Crispiest Greek Lemon Potatoes Recipe (Patates Lemonates)

Greek Lemon Potatoes (Patates Lemonates)

The perfect, traditional Greek lemon potatoes recipe, ideal for your Sunday family roast!!! Crispy on the outside, fluffy on the inside with a delicious lemony flavour.. Greek lemon potatoes are perfect on their own served with some crusted bread to dig into all the delicious juices or accompanying roast lamb, chicken, pork, a juicy burger or steak, and the list goes on.

So how to make the perfect traditional Greek lemon potatoes? It is as simple as 1-2-3 – Select the right potato variety, add the secret lemony ingredient and crisp them to perfection!

The perfect Greek lemon potatoes: start with the right potato variety

Selecting the right potato variety for your Greek lemon potatoes is crucial if you want to achieve that perfectly crispy on the outside and fluffy on the inside texture. The ideal type is Maris Piper as they are one of the most starchy kind and will become quite crumbly when baked and even Heston Blumenthal recommends them! There are two ways that you can bake your roast potatoes:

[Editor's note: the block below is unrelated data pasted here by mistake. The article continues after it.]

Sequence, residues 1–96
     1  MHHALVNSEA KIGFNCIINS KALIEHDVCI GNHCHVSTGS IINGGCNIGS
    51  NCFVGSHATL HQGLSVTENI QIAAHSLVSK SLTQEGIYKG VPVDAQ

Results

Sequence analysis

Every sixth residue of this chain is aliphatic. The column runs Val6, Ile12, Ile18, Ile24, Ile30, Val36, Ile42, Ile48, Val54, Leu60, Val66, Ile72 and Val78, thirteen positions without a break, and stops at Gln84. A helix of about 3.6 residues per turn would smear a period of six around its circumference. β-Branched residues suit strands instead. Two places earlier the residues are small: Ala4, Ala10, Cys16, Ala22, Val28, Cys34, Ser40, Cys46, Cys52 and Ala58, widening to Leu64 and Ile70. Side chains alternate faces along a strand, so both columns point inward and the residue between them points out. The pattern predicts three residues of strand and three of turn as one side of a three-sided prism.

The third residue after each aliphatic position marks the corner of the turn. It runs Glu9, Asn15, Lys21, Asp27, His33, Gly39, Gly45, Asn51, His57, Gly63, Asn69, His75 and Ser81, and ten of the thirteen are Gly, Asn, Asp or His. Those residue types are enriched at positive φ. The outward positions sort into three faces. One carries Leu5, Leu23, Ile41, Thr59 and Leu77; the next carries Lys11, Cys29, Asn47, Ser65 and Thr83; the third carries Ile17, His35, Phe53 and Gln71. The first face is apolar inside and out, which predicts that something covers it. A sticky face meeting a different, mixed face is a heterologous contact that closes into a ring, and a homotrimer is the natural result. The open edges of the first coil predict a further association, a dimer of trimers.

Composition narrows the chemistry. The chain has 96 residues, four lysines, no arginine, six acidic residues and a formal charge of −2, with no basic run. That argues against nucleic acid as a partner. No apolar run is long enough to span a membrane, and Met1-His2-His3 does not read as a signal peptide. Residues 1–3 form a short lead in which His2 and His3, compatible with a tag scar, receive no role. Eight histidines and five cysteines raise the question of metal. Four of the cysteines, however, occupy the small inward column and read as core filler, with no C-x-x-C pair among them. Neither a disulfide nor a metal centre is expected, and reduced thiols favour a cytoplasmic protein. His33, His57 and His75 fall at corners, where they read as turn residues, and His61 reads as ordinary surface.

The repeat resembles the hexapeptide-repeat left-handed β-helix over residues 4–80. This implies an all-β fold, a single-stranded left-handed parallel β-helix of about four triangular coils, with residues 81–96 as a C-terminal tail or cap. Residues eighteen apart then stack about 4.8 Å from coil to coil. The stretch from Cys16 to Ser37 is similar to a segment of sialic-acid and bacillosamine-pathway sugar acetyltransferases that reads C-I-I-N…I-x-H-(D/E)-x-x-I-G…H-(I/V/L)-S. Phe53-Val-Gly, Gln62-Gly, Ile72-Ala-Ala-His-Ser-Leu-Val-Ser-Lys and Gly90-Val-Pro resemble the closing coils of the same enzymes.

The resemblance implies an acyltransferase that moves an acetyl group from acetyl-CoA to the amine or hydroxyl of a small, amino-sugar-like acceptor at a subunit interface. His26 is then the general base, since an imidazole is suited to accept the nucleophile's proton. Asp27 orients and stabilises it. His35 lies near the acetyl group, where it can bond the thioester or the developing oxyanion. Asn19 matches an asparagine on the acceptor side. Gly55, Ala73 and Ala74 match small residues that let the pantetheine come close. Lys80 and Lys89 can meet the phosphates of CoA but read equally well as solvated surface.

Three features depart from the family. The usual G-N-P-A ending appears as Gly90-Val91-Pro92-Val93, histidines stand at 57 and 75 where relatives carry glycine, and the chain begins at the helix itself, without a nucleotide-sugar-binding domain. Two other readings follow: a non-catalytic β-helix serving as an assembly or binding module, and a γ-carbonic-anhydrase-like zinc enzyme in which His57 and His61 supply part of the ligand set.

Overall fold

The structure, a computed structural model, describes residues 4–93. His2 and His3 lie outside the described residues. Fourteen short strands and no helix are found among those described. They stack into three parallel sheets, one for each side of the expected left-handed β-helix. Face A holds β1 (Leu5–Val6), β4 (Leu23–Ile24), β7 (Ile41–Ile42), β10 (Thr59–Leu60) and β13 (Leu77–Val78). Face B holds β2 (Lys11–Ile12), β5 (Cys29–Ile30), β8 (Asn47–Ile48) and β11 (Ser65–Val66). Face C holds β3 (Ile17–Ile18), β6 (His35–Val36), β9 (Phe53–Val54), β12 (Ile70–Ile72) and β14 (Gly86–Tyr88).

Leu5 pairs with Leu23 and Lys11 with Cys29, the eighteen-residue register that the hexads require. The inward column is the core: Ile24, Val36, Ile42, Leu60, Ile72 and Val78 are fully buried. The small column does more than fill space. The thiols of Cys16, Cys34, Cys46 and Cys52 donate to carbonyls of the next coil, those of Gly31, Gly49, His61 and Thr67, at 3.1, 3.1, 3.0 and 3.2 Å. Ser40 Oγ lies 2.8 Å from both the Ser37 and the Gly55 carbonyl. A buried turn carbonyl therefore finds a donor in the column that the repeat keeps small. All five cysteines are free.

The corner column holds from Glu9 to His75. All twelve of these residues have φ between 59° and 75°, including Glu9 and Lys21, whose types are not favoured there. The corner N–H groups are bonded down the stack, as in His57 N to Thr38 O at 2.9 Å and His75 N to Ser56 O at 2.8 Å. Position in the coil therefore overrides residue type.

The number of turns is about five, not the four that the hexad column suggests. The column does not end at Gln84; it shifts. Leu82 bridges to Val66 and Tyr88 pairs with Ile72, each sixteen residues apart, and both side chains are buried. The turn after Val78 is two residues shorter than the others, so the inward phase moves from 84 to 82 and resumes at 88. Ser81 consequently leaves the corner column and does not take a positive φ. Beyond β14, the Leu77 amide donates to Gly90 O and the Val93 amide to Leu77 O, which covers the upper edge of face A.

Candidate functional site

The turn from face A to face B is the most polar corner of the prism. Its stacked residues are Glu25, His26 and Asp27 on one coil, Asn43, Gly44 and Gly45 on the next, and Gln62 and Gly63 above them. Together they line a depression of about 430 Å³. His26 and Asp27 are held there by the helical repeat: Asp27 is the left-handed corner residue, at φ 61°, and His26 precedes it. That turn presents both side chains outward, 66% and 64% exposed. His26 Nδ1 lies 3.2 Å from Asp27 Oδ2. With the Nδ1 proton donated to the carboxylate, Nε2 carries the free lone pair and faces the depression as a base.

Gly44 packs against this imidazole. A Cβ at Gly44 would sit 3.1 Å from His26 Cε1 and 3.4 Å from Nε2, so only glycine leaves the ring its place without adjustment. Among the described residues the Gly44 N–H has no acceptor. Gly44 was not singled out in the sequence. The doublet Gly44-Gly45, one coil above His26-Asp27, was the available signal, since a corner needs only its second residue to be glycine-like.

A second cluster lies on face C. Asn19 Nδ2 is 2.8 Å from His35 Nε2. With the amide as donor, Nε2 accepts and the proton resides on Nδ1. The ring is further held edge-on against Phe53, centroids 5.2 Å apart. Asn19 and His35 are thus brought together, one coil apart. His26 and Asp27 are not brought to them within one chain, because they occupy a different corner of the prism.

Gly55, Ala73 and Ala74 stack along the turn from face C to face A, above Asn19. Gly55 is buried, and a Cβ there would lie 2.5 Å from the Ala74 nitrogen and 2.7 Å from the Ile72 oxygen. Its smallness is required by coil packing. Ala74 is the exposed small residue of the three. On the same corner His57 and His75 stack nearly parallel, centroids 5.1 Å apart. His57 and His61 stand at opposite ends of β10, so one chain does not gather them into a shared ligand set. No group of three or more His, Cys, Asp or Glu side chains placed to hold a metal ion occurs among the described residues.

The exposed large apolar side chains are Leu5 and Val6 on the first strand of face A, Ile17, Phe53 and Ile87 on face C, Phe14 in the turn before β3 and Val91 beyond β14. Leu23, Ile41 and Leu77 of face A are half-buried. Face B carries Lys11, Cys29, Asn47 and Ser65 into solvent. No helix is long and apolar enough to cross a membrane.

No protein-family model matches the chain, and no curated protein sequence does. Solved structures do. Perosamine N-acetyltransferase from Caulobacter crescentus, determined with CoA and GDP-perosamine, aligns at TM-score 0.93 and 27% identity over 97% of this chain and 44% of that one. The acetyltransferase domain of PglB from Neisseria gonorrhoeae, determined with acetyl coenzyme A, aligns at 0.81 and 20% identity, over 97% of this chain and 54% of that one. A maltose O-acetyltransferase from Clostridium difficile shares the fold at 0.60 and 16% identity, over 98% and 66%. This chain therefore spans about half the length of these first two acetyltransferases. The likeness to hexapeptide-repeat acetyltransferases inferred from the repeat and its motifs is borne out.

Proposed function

1.You can parboil them, i.e. cut them up in wedges, boil them in a pan until right before they are ready and then sift using a colander. Then drizzle with some semolina and the lemon sauce.
2.Alternatively you can cut your potatoes up in wedges, dress and bake them straight in the oven.

The second approach will take a little longer as the potatoes need to bake for longer but I have found that it gives them crispier edges, while the parboiled version allows for more of the lemon sauce to soak in and tend to be flakier.

The secret ingredient for the crispiest Greek lemon potatoes is in the sauce!

The special sauce that we will be using to garnish our favorite Greek lemon potatoes is nothing else than a mix of lemon juice, dried oregano, minced garlic and some semolina. Semolina is made from ground up durum wheat and is perfect for making roasting dressings. Semolina will coat the potatoes and will harden up when cooking, forming a nice crispy skin around them and adding to the crunchiness of the maris piper potato.